Management Of Massive And Submassive Pulmonary Embolism In The Emergency Department
In this issue of EM Practice Guidelines Update, 3 current clinical practice guidelines that address the management of massive and submassive pulmonary embolism (PE) are reviewed. Venous thromboembolism (VTE) is a common disease that presents across a spectrum of severity. The evidence available to direct emergency clinicians confronted with patients suffering from hemodynamically significant PE is scarce, and the morbidity and mortality associated with severe PE is high, with acute PE leading to as many as 300,000 deaths annually.1 The majority of deaths due to PE occur in the first hour.2 Patients with severe, but not fatal, PE can experience disabling morbidity resulting from persistent right ventricular (RV) dysfunction. Recent evidence and opinion favors the use of reperfusion therapies, most importantly, intravenous (IV) thrombolysis, in certain patients with severe forms of PE. Providers caring for patients with large PE must therefore have an approach to guide their decision to administer or withhold these therapies, which offer the potential for great benefit but carry important risks.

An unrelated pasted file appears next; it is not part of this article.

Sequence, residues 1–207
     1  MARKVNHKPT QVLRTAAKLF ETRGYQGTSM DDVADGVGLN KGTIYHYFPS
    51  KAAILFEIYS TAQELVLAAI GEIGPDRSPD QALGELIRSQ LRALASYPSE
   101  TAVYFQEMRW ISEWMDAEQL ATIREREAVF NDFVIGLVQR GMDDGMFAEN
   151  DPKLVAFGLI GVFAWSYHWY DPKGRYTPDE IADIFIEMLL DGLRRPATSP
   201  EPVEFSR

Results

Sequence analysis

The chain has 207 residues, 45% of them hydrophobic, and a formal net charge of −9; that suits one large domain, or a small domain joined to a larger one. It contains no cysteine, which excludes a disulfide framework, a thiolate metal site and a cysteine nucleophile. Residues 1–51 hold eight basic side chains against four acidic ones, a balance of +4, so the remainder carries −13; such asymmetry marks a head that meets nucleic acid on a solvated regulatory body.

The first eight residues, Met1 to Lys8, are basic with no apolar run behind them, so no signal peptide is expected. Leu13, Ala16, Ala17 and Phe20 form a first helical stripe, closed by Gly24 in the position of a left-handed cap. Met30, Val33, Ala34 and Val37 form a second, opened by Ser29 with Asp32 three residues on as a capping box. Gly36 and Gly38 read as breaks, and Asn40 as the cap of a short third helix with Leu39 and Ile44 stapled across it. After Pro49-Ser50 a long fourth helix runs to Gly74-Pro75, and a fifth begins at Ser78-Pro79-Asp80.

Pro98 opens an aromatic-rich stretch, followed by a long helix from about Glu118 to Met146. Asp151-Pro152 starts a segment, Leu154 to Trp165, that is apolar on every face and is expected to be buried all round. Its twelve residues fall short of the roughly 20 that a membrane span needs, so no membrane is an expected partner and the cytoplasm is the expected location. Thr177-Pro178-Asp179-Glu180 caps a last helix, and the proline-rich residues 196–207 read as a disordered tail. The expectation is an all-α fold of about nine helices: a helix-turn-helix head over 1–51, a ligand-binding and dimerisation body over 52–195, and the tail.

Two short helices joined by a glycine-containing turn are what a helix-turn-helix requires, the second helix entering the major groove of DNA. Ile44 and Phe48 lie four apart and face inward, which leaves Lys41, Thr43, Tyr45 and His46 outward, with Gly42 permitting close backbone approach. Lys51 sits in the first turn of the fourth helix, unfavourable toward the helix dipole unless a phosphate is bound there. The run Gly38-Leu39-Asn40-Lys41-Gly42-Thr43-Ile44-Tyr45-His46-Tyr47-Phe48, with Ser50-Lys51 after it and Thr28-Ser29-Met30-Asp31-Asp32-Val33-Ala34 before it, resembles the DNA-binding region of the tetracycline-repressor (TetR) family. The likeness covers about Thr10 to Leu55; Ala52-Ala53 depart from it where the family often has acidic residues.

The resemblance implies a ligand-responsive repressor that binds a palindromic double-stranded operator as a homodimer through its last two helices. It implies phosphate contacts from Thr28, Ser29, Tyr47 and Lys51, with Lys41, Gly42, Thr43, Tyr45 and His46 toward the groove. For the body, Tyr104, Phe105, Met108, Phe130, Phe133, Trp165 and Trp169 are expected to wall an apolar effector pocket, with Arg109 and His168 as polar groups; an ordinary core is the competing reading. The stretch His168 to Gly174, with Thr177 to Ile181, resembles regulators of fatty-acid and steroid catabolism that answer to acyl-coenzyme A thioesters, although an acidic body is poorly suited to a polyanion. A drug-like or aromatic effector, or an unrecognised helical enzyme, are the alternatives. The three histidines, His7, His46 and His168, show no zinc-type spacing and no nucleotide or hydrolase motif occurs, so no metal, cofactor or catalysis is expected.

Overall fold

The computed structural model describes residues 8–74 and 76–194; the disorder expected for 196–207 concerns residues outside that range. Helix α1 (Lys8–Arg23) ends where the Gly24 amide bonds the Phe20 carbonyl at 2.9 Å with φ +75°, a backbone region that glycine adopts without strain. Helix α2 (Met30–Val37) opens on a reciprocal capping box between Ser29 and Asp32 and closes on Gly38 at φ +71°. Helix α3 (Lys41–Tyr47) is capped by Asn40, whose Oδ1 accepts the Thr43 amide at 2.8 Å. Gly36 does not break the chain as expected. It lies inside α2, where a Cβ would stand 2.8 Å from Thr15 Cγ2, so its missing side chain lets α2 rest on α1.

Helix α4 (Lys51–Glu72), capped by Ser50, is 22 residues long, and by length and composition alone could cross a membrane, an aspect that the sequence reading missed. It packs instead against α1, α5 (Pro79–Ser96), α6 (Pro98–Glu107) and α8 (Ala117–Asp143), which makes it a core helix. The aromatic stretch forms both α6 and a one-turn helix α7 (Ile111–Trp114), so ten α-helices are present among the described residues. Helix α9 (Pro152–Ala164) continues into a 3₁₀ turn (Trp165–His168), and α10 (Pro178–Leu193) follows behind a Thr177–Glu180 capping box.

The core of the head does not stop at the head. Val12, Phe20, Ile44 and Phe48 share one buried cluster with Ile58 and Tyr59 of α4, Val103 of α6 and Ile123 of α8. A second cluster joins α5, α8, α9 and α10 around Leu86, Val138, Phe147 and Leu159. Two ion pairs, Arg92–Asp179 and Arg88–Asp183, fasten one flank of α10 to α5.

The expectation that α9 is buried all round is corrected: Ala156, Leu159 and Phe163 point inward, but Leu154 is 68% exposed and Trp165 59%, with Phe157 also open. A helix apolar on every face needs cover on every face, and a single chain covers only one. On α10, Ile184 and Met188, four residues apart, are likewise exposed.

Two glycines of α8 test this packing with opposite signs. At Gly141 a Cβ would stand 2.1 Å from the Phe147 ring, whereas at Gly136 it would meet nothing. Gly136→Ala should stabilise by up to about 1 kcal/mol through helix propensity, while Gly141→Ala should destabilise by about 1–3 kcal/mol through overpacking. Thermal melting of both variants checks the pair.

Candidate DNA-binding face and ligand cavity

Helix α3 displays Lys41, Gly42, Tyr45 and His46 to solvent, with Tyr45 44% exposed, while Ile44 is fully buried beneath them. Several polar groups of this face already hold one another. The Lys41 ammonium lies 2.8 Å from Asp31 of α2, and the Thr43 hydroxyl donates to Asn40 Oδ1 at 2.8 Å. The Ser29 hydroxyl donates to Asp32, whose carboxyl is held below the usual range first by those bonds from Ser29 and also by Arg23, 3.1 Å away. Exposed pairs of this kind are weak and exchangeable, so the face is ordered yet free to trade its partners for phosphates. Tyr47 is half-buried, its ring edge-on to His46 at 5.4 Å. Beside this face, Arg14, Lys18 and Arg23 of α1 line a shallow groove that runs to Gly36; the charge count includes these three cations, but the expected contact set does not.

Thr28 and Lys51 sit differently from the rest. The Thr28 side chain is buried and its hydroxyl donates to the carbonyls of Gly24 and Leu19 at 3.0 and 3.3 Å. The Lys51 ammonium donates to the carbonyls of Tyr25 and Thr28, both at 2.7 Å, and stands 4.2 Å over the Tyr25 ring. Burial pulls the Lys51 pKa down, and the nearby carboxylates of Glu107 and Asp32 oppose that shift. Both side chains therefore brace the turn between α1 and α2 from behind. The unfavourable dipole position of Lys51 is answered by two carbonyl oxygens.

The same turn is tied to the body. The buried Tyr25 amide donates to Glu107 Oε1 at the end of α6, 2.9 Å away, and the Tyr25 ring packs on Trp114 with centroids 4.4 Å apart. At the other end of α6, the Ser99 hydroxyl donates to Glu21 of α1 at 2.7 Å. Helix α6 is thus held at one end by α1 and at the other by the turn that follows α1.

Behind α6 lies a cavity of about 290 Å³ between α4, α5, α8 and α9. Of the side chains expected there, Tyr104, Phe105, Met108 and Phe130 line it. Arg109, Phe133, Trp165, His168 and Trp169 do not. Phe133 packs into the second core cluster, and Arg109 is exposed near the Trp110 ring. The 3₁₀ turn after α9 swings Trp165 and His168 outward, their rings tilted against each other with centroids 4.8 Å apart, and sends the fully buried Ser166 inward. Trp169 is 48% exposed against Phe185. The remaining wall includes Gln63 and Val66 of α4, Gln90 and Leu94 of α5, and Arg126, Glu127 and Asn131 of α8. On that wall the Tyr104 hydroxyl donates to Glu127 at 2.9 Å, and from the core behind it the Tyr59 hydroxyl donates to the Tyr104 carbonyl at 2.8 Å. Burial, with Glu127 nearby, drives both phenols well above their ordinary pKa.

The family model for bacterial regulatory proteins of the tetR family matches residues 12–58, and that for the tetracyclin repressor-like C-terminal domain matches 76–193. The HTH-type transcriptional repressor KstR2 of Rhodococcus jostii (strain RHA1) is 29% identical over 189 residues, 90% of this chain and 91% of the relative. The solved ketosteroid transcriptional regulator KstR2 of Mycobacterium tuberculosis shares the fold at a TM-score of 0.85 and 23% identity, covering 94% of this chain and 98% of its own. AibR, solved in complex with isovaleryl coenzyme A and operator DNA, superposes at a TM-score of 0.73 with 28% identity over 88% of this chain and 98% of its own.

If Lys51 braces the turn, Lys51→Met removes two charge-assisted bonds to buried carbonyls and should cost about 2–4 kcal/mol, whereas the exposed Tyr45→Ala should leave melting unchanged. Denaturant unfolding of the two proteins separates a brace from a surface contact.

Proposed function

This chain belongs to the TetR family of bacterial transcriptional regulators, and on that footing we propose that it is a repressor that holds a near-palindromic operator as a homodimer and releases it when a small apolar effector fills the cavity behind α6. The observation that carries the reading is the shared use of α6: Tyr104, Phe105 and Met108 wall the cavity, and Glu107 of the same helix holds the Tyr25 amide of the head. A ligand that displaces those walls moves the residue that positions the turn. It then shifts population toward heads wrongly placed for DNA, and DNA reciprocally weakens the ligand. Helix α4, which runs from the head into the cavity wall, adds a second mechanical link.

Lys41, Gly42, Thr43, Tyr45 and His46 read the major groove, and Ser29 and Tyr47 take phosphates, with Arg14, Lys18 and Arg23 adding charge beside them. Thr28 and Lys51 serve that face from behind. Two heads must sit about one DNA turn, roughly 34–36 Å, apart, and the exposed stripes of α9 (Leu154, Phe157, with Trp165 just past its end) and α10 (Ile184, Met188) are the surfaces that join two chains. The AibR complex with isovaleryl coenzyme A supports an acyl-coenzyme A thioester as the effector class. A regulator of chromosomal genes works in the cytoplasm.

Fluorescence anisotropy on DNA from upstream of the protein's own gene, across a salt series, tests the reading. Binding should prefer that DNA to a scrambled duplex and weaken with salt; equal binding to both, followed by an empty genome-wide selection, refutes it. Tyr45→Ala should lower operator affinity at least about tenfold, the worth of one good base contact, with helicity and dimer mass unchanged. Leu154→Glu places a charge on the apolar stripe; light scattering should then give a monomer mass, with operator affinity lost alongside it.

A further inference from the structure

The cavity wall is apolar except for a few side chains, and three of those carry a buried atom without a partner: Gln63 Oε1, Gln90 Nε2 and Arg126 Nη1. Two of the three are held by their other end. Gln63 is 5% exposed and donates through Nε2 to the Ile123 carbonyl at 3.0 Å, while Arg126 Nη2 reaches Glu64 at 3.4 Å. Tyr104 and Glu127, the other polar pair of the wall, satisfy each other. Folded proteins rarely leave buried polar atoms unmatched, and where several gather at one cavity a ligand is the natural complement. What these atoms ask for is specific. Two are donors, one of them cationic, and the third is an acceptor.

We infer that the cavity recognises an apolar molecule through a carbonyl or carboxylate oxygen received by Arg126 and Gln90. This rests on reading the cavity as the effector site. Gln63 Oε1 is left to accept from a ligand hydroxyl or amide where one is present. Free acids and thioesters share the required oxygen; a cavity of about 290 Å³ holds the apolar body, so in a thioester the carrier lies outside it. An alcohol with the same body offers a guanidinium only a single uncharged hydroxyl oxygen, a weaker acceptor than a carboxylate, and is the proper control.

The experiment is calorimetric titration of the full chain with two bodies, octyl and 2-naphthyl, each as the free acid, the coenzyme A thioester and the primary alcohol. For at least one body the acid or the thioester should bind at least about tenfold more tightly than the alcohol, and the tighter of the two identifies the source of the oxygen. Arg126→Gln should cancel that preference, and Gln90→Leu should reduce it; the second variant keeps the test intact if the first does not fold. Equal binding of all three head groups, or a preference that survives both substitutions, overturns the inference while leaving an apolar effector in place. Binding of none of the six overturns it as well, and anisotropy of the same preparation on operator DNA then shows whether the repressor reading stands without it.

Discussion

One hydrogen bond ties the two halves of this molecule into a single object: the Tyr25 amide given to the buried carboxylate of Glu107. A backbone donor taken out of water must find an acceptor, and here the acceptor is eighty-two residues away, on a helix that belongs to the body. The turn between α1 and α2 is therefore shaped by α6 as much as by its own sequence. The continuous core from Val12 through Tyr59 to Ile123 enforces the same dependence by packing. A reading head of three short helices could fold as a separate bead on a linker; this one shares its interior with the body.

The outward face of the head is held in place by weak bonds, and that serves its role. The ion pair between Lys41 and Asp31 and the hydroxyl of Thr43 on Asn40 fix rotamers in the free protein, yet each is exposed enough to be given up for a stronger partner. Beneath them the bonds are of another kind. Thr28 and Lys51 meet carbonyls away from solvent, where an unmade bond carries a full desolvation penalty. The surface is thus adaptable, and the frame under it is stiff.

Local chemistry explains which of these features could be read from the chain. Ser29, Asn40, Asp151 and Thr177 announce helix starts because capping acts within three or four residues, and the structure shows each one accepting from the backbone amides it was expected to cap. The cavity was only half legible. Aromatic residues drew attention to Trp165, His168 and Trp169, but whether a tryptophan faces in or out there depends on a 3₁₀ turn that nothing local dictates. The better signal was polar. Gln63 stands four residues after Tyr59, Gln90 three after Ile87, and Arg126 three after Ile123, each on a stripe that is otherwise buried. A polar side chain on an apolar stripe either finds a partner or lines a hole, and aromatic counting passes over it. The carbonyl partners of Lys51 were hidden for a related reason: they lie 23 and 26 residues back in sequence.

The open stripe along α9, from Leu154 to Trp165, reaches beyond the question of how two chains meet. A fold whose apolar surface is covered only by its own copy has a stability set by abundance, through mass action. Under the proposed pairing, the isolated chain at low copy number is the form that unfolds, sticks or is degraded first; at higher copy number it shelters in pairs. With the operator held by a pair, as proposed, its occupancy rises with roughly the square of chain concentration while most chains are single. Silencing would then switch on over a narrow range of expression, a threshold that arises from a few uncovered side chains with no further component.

Practice Guideline Impact
- Intravenous thrombolysis is recommended for most patients with massive (ie, hemodynamically unstable) PE.
- Identification of RV dysfunction is important to identify stable PE patients who are at higher risk for complications from PE and may benefit from thrombolysis.
- Use of thrombolytics in stable PE patients with RV dysfunction remains controversial, with an endorsement from the American Heart Association and the American College of Chest Physicians, but not the American College of Emergency Physicians.
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- » Critical Issues In The Evaluation And Management Of Adult Patients Presenting To The Emergency Department With Suspected Pulmonary Embolism
- » Management Of Massive And Submassive Pulmonary Embolism, Iliofemoral Deep Vein Thrombosis, And Chronic Thromboembolic Pulmonary Hypertension: A Scientific Statement From The American Heart Association
- » Antithrombotic Therapy For Venous Thromboembolic Disease: American College Of Chest Physicians Evidence-Based Clinical Practice Guidelines (8th Edition)
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